Imagine being the parent of a child suffering from leukemia. All conventional treatments have failed; the end of your child’s life seems near. Then a new treatment becomes available that seems miraculous. It retools some of a child’s own immune system cells to attack and vanquish the cancer. You learn that, in more than four out of five children treated in clinical trials, the treatment has worked, and the children live.
You might have to catch your breath when you hear the treatment’s cost: nearly a half million dollars. Perhaps more miraculously, the company that developed the treatment is offering to refund the money if it doesn’t work within a month.
In one of the first arrangements of its kind involving a novel cancer therapy, Novartis says there will be no charge for patients or health insurers if a child or young adult treated for this indication doesn’t respond to treatment within the first month. Although many details of the arrangement are unclear, Novartis has apparently extended the same deal to Medicaid, in a handshake deal with the Center for Medicare and Medicaid Services.
This unusual arrangement, a type of value-based or outcomes-based contract, could be a template for similar deals over many innovative, high-cost drugs. Such deals tie the prices that are paid for drugs to the outcomes achieved for patients — or even split the financial risks, so that payers may get some or all of their money back if drugs don’t work as intended. The arrangements constitute a departure from more conventional drug- contracts, which typically link prices, discounts, and payments to the volume of drugs bought.
Although these arrangements alone won’t address the challenges of paying for costly new medications, they are an important arrow in the quiver, especially for cancer drugs. According to Quintiles-IMS, 631 unique molecules aimed at combatting cancer are now in the late stages of development, with many likely to make it to market within a few years. Many of these drugs may prove highly effective for some patients and even constitute cures. They will also be high cost.
All stakeholders have a lot to learn about the experiments under way in value-based contracting, such as the Kymriah arrangement with CMS. But a number of legal, regulatory, and other roadblocks need to be removed first. Among them:
- The FDA should finalize its proposed guidance to drug manufacturers about the so-called health care economic information it can communicate to payers about not-yet approved drugs. Doing so will give a clearer green light for discussions between payers and manufacturers about potential value-based contracts before these drugs come to market.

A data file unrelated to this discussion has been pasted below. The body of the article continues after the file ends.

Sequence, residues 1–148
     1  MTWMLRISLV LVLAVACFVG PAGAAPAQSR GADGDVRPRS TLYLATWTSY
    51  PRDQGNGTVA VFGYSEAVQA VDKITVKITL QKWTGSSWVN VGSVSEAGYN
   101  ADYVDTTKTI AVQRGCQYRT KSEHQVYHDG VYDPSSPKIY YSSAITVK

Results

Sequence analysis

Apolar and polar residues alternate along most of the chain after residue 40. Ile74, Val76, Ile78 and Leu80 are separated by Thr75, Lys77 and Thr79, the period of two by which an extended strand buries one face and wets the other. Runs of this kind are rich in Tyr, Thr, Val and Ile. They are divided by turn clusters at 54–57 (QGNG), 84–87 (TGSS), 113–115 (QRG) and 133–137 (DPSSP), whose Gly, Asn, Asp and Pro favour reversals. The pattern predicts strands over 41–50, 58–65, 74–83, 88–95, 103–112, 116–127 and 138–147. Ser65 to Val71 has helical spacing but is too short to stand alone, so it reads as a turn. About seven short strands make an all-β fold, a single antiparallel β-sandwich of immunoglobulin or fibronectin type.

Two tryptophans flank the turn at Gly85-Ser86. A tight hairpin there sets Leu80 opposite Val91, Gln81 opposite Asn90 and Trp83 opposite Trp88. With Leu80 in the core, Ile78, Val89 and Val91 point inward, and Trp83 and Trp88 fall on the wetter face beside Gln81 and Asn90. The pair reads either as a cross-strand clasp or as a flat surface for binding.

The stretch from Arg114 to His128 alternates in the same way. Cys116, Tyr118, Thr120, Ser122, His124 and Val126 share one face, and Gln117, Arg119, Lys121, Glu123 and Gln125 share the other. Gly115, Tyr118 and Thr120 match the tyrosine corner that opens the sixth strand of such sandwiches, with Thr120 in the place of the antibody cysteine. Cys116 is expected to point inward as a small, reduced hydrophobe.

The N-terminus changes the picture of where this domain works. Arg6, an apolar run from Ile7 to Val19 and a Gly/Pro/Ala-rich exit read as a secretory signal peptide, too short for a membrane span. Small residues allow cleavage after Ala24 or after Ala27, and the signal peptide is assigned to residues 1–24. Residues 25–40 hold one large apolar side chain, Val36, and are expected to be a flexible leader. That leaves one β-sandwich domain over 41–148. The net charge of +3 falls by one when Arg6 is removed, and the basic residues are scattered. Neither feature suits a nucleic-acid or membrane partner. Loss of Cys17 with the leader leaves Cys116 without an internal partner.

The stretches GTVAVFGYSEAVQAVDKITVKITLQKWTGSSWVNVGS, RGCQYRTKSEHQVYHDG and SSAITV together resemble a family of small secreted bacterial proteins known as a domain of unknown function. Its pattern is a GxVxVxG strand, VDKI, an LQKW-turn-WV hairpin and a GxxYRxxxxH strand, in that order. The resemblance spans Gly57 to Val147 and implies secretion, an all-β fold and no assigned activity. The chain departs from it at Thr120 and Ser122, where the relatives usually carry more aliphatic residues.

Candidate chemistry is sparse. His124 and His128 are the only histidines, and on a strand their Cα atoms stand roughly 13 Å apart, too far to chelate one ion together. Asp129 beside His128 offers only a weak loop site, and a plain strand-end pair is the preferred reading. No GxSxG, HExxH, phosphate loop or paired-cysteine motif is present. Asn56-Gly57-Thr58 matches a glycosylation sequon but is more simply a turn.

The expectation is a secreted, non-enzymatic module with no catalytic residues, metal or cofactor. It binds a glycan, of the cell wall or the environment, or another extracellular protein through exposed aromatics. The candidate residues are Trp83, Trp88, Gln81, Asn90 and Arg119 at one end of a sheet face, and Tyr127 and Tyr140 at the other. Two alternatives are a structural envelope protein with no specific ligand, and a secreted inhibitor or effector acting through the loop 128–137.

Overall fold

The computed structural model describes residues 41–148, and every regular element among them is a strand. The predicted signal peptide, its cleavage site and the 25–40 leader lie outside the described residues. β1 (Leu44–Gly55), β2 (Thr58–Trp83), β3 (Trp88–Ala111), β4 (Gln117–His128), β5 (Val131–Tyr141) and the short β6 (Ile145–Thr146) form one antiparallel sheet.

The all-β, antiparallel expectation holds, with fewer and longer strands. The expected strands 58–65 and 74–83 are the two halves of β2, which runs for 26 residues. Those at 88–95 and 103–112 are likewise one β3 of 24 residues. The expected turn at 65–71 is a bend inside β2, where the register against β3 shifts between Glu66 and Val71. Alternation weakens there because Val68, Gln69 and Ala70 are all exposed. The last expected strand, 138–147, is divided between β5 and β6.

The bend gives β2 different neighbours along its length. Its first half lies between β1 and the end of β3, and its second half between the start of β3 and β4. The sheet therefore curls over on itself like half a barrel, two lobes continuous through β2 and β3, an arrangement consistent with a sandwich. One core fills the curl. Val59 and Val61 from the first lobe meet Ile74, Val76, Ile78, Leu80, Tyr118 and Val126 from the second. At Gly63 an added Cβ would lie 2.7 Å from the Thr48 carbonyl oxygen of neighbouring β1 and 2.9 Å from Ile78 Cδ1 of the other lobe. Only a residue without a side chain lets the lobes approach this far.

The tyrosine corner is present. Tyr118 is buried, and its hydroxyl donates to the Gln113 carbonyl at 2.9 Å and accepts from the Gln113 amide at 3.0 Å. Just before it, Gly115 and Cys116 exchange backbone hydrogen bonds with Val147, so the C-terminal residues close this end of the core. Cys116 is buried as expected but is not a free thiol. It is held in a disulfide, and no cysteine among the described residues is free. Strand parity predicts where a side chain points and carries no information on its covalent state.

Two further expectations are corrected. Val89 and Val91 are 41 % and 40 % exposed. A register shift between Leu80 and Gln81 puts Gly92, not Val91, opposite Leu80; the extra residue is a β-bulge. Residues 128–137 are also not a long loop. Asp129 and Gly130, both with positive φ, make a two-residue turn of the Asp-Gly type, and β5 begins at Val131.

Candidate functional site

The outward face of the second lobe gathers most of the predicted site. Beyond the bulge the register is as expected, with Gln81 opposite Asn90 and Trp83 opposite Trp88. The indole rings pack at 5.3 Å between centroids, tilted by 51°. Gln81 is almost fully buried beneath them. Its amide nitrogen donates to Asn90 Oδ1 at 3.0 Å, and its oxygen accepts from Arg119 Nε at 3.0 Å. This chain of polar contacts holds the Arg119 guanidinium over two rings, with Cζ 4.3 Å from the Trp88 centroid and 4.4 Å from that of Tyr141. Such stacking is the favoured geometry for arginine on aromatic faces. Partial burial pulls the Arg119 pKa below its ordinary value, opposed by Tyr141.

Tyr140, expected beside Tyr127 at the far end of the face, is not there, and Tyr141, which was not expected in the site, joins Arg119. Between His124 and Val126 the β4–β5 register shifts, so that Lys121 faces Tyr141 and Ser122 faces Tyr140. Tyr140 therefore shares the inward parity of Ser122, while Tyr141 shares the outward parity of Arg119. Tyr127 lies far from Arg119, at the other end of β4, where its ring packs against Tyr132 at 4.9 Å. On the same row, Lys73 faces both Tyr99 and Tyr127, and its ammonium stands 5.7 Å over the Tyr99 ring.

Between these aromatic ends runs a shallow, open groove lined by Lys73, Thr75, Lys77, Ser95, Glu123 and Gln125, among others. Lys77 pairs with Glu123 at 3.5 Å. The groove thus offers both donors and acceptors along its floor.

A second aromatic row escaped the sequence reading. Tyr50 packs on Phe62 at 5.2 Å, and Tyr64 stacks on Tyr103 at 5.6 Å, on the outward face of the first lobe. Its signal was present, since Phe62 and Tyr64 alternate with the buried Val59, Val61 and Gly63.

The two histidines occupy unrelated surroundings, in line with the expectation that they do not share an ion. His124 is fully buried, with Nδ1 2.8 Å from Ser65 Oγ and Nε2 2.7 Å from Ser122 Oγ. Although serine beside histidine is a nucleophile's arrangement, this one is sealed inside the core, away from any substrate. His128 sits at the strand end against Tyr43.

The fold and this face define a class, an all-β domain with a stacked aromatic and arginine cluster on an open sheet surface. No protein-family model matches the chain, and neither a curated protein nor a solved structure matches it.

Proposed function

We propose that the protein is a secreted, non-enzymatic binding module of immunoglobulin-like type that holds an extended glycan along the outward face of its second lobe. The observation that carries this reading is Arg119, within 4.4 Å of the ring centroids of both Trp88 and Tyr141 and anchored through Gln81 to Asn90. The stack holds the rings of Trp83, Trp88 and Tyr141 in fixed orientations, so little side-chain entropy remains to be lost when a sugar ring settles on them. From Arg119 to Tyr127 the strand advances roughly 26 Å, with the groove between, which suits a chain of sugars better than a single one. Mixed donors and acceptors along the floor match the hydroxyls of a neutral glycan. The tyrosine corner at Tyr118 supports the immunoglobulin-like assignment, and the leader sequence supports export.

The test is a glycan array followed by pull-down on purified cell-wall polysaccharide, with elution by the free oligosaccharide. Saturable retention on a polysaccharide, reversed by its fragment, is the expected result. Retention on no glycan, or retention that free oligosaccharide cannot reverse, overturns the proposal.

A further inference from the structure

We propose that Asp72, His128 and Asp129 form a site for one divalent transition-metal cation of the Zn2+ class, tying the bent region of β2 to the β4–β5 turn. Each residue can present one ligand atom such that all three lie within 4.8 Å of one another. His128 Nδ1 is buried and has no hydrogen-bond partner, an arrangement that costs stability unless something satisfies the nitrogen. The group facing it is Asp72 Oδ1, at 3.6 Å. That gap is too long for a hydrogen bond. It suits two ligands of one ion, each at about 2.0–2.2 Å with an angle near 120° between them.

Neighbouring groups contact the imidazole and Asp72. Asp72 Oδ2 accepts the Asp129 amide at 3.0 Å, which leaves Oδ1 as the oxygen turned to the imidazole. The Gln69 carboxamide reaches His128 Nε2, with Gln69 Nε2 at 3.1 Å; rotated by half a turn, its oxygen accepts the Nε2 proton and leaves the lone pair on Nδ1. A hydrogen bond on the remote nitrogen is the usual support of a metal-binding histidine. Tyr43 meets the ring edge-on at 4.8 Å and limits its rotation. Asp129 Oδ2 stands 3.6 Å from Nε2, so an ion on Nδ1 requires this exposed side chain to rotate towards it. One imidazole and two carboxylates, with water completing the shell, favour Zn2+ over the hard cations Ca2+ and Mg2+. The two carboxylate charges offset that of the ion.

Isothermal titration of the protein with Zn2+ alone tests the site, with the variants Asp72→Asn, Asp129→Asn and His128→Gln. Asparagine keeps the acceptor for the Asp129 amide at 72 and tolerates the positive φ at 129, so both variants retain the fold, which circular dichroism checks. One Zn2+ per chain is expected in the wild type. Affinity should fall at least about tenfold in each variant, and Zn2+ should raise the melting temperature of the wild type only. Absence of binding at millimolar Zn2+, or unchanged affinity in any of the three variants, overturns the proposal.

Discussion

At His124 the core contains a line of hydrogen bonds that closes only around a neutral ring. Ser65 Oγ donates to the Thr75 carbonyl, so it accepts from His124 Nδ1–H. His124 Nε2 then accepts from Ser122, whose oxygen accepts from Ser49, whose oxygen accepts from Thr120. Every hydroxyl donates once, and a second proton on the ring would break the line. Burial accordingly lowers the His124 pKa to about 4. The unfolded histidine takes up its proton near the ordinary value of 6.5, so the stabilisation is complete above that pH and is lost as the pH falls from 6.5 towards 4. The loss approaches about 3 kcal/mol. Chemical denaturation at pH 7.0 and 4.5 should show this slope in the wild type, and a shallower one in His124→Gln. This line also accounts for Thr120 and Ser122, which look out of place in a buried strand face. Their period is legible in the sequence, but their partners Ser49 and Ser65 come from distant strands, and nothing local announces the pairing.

- CMS should make reasonable regulatory accommodations so that rules requiring that Medicaid obtain the “best price” for drugs don’t preclude the type of arrangement offered for Kymriah. Strictly speaking, if the drug is free when it doesn’t work in patients, that “best price” for all of Medicaid could be zero, always. And while that sounds nonsensical, it’s unclear if there’s an easy regulatory work-around. If there isn’t, Congress should step in and make changes in law to accommodate these types of arrangements.
- The Office of the Inspector General of the Department of Health and Human Services should develop new “safe harbors” in anti-kickback laws to allow certain activities that support value-based contracting, e.g., gathering data to understand how well these complicated drugs are working and carefully coordinating complex care for patients. Today, if manufacturers bear these costs, their actions could be construed as illegal “inducements” to use their drugs. Removing any legal cloud over these activities in support of value-based contracting would allow them to proceed without risk of sanction.
Value-based contracting alone isn’t likely to be the sole solution to the coming tidal wave of innovative, high-cost treatments — not just for cancers, but for other conditions. Alternative approaches to financing them are needed, especially for public programs like Medicare and Medicaid. Congress should require the National Academy of Medicine to study alternatives and report back on options. After all, there are problems worse than coping with the coming wave of high cost, often highly effective drugs — such as having a world without them.
Susan Dentzer is president and chief executive officer, and Tom Hubbard is vice president of policy research, for the Network for Excellence in Health Innovation, a national nonprofit, nonpartisan organization composed of stakeholders from across the health-care system.